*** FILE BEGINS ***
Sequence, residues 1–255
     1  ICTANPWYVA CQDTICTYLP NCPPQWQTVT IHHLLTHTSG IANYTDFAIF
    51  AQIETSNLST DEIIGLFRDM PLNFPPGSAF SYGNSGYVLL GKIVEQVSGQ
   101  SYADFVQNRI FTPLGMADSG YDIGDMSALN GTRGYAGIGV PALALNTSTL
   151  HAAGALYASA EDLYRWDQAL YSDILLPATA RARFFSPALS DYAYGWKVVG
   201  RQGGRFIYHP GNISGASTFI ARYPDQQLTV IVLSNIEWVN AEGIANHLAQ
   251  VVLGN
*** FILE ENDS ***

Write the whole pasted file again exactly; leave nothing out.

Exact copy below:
Sequence, residues 1–255
     1  ICTANPWYVA CQDTICTYLP NCPPQWQTVT IHHLLTHTSG IANYTDFAIF
    51  AQIETSNLST DEIIGLFRDM PLNFPPGSAF SYGNSGYVLL GKIVEQVSGQ
   101  SYADFVQNRI FTPLGMADSG YDIGDMSALN GTRGYAGIGV PALALNTSTL
   151  HAAGALYASA EDLYRWDQAL YSDILLPATA RARFFSPALS DYAYGWKVVG
   201  RQGGRFIYHP GNISGASTFI ARYPDQQLTV IVLSNIEWVN AEGIANHLAQ
   251  VVLGN